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5 opera scenes to sweep you off your feet

Opera singers (left to right) Elīna Garanča, Helen Donath and Tamar Iveri perform in Mozart's opera <em>Così fan tutte</em> at the Salzburg Opera Festival.
Andreas Schaad
AFP via Getty Images
Opera singers (left to right) Elīna Garanča, Helen Donath and Tamar Iveri perform in Mozart's opera Così fan tutte at the Salzburg Opera Festival.

Humans love to celebrate. Each year, special days are set aside internationally to exalt everything from Nutella (Feb. 5) and turtles (May 23) to UFOs (July 2) and pharmacists (Sept. 25).

Opera mavens — also humans — are no exception. We've claimed today, Oct. 25, as "World Opera Day." And in light of the grand occasion, it's worth revisiting just why so many of the art form's fanatics continue to revel in costumed people vocalizing at the top of their lungs to each other on a stage. "Educated yelling," is what a friend of mine once called it, and it can be divine and transformative.

If you've not yet succumbed to the pleasures of opera, this list is especially for you. Perhaps one of the five operatic scenes below will become your special elixir, your fall-in-love-with-opera potion.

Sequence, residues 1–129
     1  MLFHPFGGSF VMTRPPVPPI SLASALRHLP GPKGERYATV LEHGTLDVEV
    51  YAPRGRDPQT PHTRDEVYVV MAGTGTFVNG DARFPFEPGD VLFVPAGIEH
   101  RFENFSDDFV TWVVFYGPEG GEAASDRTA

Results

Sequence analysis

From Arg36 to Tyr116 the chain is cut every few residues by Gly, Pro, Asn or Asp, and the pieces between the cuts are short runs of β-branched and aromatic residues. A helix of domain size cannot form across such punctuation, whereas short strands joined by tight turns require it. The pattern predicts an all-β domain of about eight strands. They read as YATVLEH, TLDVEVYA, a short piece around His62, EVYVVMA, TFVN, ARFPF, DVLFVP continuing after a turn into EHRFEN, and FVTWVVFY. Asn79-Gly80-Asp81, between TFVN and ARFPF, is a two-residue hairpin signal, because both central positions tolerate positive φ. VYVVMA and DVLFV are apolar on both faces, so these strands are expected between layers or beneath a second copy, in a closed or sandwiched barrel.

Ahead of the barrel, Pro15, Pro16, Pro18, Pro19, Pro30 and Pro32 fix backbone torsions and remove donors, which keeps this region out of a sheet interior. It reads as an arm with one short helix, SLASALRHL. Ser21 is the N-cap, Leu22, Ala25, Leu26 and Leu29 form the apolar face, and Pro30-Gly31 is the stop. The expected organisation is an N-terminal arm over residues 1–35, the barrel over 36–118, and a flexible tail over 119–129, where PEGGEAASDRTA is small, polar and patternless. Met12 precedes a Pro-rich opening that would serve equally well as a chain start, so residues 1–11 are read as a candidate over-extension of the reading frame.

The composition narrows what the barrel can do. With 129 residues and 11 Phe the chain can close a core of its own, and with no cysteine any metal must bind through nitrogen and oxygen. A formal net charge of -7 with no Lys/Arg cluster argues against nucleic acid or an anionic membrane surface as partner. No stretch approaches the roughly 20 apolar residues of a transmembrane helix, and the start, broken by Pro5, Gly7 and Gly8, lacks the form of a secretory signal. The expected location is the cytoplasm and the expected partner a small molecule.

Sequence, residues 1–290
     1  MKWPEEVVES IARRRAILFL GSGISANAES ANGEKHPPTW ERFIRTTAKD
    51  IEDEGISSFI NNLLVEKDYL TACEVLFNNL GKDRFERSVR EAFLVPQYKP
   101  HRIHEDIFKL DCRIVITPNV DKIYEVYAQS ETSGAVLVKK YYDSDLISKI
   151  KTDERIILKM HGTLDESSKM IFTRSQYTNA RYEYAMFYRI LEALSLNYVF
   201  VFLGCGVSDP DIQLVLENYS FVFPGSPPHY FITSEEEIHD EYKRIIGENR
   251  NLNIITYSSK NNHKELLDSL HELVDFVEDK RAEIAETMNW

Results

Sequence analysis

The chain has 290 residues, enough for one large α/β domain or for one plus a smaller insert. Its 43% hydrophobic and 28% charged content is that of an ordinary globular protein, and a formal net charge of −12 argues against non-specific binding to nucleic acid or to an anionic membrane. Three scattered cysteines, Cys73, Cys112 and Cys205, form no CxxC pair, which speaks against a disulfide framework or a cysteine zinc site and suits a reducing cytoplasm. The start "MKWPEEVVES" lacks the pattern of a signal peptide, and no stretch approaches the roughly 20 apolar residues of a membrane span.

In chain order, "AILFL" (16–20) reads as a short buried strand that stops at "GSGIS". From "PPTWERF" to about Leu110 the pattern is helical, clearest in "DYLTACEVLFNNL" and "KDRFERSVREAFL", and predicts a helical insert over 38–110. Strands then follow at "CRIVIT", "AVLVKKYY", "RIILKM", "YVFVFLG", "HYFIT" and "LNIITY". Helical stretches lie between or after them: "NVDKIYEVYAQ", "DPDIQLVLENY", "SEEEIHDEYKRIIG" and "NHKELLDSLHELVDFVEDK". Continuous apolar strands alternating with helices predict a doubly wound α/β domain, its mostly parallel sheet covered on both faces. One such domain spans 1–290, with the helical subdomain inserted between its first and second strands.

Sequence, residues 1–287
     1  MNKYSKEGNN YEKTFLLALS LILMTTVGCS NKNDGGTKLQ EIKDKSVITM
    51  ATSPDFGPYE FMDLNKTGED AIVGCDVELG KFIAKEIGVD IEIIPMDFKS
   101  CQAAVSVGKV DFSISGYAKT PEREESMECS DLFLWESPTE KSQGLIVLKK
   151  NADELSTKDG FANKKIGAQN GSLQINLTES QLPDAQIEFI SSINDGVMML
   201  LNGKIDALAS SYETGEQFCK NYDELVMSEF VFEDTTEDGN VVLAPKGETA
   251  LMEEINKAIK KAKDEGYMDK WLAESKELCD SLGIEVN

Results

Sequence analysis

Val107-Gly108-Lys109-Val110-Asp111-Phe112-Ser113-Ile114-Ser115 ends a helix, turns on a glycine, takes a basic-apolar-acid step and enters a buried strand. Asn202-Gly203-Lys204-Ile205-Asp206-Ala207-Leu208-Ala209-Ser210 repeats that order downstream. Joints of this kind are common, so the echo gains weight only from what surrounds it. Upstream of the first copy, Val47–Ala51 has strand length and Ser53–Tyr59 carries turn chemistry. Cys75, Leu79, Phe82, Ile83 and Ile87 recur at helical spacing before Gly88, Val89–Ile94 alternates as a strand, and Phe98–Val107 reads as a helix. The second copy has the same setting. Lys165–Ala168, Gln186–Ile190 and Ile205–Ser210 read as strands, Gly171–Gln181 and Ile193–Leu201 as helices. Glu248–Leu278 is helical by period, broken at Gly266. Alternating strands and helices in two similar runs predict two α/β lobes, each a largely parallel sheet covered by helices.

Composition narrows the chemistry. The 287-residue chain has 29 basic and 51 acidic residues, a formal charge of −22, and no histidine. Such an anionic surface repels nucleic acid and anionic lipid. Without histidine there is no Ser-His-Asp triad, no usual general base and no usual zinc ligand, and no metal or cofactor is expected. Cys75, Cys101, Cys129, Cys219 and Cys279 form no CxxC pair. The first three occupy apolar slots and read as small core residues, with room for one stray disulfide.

The Beauty of the Human Voice

The human voice is the most personal of instruments. Soprano Jessye Norman once said, "We can all sing and we should all try," and while no one can sing like Norman, many of us do indeed try. The advocacy group Chorus America estimates that 32.5 million adults and 10.1 million children sing in choirs in this country. Opera is all about the voice and its ability to color and shade notes to deliver drama. The video below is a perfect example of the sheer beauty that can be found in the human voice. Oh, and there's razzle-dazzle too. Stick around for Norman's final high B-flat on the phrase "Je t'aime," plucked out of thin air and soaring like a rocket. The aria, from Samson et Dalila by Camille Saint-Saëns, is one of opera's greatest seduction scenes.

The Act of Singing

Opera is really drama set to music. So while they're busy enough hitting all the high notes, opera singers have to act as well – not easy. But in this 1964 scene from Puccini's Tosca, two of opera's very greatest singing actors make it all look effortless and natural. Baritone Tito Gobbi plays Scarpia, a corrupt and lecherous chief of police. Maria Callas, perhaps the most dramatically dynamic singer of modern times, sings the title role, a literal prima donna who bargains for the life of her beloved, whom Scarpia has captured. Let's just say Scarpia was bargaining with the wrong woman. Watch the hateful and anguished looks Callas gives, and her expressive hands. Her big aria, "Vissi d'arte" (I Lived for Art), is a breathtaking portrait of frustrated grief. Gobbi, stentorian in his smug commands, is pure evil.

Opera Now